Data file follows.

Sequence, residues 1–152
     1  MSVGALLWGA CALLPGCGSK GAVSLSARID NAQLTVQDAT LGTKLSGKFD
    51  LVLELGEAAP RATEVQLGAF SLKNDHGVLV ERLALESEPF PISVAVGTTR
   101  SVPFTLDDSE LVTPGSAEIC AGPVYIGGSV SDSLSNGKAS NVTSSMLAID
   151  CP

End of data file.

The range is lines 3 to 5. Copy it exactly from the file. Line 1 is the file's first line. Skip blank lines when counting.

    51  LVLELGEAAP RATEVQLGAF SLKNDHGVLV ERLALESEPF PISVAVGTTR
   101  SVPFTLDDSE LVTPGSAEIC AGPVYIGGSV SDSLSNGKAS NVTSSMLAID
   151  CP